Remember when watching TV meant gathering in the living room at a set time to watch your favourite shows? It’s a far cry from today’s TV-audience experience. While there is no shortage of content, numerous device and platform options let viewers access what they want, when they want, where they want. Add digital-viewing platforms and second screening into the mix, and the complexity of the media ecosystem is clear.
This evolution has led to a storm raging within the advertising industry. Digital laid claim to improved targeting and measurement, and many campaign budgets swung its way. But when brand safety issues came to light, a lack of control within the digital supply chain resulted in some of the world’s biggest brands returning to TV. In fact, trust in traditional media, such as TV and print, actually rose by 13 per cent in 2017.
In the wake of these changes, where does TV fit? While TV is now a performance-driven channel – able to be measured and optimised in real time – what does the future hold for TV in a rapidly evolving media landscape?
Close to 90 per cent of TV viewers watch with second screen devices in-hand or nearby. This, in turn, has led to TV becoming a major driver of digital activity. Google even found that close to two-thirds of TV viewers turn to search to learn more about what they saw on TV.
Rather than working in silos, advertisers are increasingly looking at TV and digital as complementary channels – with TV campaigns designed to drive consumers into the digital funnel. This is especially true for TV and search.
In the US alone, search and TV ad spend accounts for $111 billion. Advertisers are increasingly making TV and search work together. One example is through syncing TV spots with paid search. This ensures that a brand has the top search position in the minutes after a TV spot airs, taking advantage of high-interest moments, increasing click-through rates, and maximising TV-driven response.
In the past, advertisers relied on TV for its reach. And while reach is certainly still important, data-driven technologies have brought a level of precision never before available to TV. No, I am not talking about addressable, which is still in its early days with limited inventory and high pricing. Rather, advertisers are not waiting for addressable to come to maturity – they’re using their own data for laser-focussed targeting with TV.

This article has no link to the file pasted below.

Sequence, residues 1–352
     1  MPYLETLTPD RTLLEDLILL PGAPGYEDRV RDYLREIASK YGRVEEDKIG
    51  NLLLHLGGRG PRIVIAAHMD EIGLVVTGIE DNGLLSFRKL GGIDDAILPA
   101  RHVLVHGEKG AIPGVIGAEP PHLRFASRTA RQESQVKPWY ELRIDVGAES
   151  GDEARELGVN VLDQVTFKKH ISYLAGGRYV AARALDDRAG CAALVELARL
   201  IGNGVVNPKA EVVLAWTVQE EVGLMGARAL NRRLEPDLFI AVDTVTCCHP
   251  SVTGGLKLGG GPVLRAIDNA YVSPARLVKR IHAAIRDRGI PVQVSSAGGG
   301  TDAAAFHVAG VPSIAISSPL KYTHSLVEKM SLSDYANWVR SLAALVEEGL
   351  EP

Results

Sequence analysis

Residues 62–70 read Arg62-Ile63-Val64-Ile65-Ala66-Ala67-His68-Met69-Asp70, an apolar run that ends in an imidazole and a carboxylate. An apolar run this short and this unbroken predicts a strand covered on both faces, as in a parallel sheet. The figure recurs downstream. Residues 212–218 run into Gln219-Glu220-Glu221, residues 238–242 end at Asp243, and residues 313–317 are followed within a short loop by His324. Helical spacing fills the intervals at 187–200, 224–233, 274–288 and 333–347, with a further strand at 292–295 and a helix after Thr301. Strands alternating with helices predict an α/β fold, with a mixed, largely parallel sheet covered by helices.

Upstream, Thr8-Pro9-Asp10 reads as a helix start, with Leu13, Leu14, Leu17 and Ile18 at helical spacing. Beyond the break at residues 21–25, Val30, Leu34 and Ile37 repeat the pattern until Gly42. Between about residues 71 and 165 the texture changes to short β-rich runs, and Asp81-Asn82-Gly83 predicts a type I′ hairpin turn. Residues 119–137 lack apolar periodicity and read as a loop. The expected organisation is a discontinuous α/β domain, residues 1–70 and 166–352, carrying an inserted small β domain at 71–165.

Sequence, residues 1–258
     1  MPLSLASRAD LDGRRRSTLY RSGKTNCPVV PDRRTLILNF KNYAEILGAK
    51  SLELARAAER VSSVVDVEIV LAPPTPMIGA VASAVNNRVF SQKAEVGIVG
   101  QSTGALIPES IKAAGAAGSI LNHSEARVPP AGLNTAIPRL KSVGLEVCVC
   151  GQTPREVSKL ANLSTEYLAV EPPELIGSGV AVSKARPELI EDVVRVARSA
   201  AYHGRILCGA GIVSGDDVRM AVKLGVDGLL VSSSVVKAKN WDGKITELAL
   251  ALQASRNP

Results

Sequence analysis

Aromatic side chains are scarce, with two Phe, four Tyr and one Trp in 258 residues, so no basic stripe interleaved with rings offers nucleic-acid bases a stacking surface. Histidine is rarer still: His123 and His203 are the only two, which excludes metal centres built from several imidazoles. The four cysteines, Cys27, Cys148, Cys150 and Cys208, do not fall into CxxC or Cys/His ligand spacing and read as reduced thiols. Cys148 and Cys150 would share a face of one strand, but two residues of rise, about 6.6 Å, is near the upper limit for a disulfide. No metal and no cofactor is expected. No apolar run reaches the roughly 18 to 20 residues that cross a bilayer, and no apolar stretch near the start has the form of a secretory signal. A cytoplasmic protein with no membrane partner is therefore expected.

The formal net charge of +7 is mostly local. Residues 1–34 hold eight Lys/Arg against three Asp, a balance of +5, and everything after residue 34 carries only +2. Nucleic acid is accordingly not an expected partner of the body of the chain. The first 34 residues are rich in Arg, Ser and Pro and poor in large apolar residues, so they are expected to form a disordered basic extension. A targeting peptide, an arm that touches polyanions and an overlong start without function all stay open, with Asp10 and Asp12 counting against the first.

Broadcasters have learnt lessons from the digital platforms, and are now making use of their data assets to find identifiers for understanding viewing habits and targeting audiences. Combining TV spot performance data with audience response information provides valuable insight that can be used to inform more targeted buys for optimal results.
TV is enjoying an explosion of sophisticated targeting capabilities. Combine this with its trusted environment and engaging content, and it offers a winning formula for brands.
Measuring the right KPIs
Traditionally, TV has been measured based on reach and frequency metrics – things like ratings, GRP or CRM. While these types of measurements have a role to play, they never actually tell advertisers how spots drove response in the real world.
Using the plethora of data now available, advertisers are measuring TV through brand-specific, performance-based KPIs. While these are unique to every advertiser, what they have in common is the fact that they all link campaign performance to business impact.
With the right technology, an advertiser can easily measure a sale that is directly due to TV. For lower-consideration products, this is pretty straightforward. For higher-consideration purchases, where the resulting sale may take several weeks or months, intent-based metrics can be used to tie the spot to the action. For instance, a car manufacturer might measure more middle-of-the-funnel activities such as “find a dealer” or “book a test drive.”
A few years ago, advertisers might not think these type of middle-of-the-funnel activities would carry any monetary value. But actions that lead to sales, whether right away or weeks down the line, are quantifiable and excellent indicators of TV performance.
Making the most of AI
In reality, Artificial Intelligence (AI) is really nothing new for marketers. It’s been used for things like real-time creative optimisation, bidding, Facebook’s customer-propensity modelling, etc. What is changing, however, is how AI is being used for TV.
The richness of available first- and third-party data, combined with the right analytical technologies is taking TV AI to the next level. We’re seeing AI and machine learning being leveraged for marketing mix modelling (MMM) and machine-to-machine driven TV buying. Planners are using it to create multiple TV plans in minutes (where it used to take days or weeks) and comparing them to see which will actually perform best in the real world.
The advancement of technology is once again changing the TV industry – that is evident. But the medium has kept up with this evolution and is holding its own as a dynamic and powerful part of the modern-day media mix.